Despite opposition from animal welfare org, Kenyan Farmers prefer battery cage poultry farming
Despite opposition from animal welfare organisations that battery cage poultry farming is cruel, this system is gaining traction among Kenyan farmers who argue they save on space and improve egg production. This is due to lack of land, high demand of eggs and curbing of human-animal conflict.
According to Stella Njoroge, one of the farmers who has adapted to this system, it is a game changer to her poultry farming.
In a space originally meant for 500 chickens, Njoroge now houses 2,500.
“I have done this type of system for a year now,” said Stella. “I had started with few chickens and I was doing them on deep litter, so I graduated to the battery cage system and there is a good margin on producing eggs.”
Striving to meet the high demand for meat and eggs, poultry are placed and reared in rows and columns of identical individual cages. Measuring 40cm high, 34 cm wide and 37 cm long, the cages are connected in a unit.
Stella notes that on average she can collect around 70 trays of eggs a day. She explains this is because she incorporates organic farming, where she uses the manure for other farming activities. “So it’s a dual thing for me,” she adds.
“So, you can see it’s five times to what I used to have before. There’s a return on investment when you use the battery system.
“And in this way I am able to manage diseases. I am also able to identify diseases early because as you walk around, you are able to see which chicken is sick, which one is not feeding well.”
Such vigilance is not possible with the deep litter system in which chickens are raised on the floor covered with saw dust or litter to prevent birds from direct contact with the ground.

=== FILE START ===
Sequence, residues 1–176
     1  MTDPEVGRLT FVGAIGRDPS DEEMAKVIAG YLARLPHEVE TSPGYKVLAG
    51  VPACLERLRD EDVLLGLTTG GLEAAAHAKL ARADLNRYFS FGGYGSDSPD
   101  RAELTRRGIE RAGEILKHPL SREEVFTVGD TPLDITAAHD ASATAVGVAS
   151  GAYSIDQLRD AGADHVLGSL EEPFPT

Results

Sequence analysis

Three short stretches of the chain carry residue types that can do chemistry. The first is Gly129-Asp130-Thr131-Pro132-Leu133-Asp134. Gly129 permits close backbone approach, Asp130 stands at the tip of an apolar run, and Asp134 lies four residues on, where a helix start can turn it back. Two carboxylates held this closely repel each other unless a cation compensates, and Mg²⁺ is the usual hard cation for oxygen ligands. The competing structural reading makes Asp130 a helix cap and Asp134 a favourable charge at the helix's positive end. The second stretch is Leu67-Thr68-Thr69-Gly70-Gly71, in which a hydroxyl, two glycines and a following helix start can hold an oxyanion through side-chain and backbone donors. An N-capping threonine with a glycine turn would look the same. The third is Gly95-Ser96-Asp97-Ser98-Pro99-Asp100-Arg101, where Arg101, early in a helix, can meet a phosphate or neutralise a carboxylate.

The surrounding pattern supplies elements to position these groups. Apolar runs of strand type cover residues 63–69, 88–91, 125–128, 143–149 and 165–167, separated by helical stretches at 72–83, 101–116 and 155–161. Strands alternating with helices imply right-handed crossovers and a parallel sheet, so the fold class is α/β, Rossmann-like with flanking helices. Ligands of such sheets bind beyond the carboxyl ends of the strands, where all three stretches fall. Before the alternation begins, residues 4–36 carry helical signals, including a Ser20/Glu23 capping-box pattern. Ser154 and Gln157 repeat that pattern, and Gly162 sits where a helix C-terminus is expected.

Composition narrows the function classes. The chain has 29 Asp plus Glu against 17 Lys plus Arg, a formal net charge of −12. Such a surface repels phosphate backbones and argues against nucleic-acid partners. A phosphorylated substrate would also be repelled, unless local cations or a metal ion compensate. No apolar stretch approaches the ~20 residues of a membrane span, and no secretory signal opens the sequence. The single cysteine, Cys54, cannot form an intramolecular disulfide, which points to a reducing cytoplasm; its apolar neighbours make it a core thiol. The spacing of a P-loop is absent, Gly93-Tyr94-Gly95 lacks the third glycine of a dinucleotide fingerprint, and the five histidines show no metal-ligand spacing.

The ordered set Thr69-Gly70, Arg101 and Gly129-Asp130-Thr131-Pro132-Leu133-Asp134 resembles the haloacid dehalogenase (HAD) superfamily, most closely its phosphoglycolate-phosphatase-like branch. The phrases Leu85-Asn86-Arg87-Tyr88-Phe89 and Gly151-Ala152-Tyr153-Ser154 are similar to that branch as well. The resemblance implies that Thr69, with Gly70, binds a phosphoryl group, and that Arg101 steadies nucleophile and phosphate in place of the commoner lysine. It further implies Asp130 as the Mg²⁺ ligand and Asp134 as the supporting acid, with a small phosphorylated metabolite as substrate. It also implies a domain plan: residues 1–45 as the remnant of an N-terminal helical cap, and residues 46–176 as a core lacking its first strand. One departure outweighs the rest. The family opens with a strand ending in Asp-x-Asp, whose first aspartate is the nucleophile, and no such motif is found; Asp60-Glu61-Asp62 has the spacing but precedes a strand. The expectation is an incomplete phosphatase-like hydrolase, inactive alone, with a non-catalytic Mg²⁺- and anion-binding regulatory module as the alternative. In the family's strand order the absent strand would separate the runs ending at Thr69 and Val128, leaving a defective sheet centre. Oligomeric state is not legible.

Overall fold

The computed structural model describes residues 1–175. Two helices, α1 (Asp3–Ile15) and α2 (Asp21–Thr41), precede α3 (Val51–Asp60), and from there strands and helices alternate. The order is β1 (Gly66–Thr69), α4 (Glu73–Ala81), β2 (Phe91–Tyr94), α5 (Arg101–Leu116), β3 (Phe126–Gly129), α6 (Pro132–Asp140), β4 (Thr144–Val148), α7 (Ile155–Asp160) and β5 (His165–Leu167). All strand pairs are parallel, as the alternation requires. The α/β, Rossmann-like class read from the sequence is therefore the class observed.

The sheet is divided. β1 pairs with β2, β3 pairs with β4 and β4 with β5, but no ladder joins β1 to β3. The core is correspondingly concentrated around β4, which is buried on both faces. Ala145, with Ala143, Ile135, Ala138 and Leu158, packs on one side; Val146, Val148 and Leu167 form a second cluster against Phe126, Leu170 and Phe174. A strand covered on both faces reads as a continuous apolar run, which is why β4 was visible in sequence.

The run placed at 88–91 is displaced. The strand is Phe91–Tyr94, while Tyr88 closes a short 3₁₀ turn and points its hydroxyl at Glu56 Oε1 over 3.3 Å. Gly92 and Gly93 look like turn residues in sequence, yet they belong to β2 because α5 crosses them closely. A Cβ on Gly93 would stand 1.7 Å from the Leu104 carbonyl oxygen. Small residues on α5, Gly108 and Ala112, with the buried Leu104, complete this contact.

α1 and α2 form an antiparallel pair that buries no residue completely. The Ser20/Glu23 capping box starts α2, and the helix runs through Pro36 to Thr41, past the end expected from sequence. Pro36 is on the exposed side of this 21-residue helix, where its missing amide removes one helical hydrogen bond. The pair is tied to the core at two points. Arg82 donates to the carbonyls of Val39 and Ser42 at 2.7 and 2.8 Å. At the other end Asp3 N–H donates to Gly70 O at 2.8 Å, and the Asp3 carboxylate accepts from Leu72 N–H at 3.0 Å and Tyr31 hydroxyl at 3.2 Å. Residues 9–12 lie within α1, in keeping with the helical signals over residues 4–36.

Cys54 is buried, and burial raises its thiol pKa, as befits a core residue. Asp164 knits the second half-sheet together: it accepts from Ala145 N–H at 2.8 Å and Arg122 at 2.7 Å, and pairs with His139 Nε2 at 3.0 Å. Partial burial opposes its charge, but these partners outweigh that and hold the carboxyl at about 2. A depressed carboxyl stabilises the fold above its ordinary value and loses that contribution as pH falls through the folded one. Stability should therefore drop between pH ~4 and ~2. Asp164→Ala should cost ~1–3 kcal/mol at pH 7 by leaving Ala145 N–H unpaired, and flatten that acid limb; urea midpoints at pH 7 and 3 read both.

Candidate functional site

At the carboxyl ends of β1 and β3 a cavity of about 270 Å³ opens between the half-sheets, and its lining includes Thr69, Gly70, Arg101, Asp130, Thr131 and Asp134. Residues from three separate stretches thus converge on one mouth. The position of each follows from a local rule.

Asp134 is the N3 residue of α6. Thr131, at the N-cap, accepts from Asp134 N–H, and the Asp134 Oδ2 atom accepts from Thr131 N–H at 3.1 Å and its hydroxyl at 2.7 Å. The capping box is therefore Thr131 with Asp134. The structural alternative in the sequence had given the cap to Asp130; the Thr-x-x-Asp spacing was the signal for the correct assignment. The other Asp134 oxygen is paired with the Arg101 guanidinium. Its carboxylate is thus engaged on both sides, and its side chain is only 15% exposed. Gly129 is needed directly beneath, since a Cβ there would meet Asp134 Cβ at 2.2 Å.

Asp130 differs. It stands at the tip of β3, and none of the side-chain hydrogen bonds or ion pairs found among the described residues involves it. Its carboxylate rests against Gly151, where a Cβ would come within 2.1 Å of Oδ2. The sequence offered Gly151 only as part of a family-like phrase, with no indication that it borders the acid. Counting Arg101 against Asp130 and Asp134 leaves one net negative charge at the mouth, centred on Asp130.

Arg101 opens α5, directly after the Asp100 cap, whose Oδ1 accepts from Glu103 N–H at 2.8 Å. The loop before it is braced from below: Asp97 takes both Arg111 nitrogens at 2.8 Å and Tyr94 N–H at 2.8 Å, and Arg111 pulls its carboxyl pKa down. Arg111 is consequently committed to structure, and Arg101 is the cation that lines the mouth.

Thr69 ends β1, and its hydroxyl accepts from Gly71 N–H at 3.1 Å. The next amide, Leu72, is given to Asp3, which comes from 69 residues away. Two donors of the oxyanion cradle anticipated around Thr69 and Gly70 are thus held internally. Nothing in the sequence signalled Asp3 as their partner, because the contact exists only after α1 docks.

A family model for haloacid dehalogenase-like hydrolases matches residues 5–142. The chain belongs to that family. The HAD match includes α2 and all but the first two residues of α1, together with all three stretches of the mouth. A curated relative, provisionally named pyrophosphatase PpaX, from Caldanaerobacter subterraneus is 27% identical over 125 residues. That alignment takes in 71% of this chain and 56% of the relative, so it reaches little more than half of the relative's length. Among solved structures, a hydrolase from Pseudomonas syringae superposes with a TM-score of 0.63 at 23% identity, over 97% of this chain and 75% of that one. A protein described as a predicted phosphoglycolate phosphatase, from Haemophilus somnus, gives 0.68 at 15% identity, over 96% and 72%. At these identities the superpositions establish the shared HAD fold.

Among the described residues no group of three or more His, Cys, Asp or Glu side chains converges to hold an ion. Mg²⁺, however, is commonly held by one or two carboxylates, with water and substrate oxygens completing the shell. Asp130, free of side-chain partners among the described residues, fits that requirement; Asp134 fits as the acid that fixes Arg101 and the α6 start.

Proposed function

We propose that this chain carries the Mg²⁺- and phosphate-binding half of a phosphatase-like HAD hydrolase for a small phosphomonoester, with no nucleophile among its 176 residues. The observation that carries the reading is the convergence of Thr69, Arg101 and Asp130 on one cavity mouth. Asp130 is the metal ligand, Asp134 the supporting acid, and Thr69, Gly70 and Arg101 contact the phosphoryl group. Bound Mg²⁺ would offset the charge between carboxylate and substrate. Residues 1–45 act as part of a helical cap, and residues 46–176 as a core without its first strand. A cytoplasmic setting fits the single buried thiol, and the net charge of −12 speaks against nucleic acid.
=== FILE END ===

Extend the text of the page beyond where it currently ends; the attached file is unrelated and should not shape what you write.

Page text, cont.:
Peter Kinyua, another battery cage enthusiast, says that caging these chickens is a good thing because they cannot get sick easily.
He claims they are also less of a target for predators and thieves.
“In free range sometimes you cannot account for some eggs, so caging or deep litter system is easy to manage,” he said.
“We also don’t overcrowd them because if you do, you will experience losses,” he added.
On the other hand, Dr Victor Yamo, the campaign manager in charge of farming at World Animal Protection , disagrees with battery cage farmers.
He says the battery cage system in this country seems more favorable when compared with their poor production system, giving farmers an illusion of productivity.
“The battery cage system stresses the birds and causes diseases,” said Yamo.
“The bird steps on wire mesh and it stands on it for the rest of its life. It doesn’t have the capacity nor the space to lie down and that leaves the bird with a lot of wounds.
“Not being able to exercise and have sunlight, the bird also ends up in a situation where the bone becomes weak.”
Veterinary research indicates that poultry kept in battery cages are more likely to break their bones.
“Currently, there is no single statute that regulates poultry farming in Kenya,” said Yamo.
“But there are animal bills in parliament yet to be made laws, despite poultry farming playing a major role in boosting our economy,” he added.
However, as animal welfare organizations continue to make the public more aware about the battery cage system, farmers say they will stick with the system until they find better ways to increase production.
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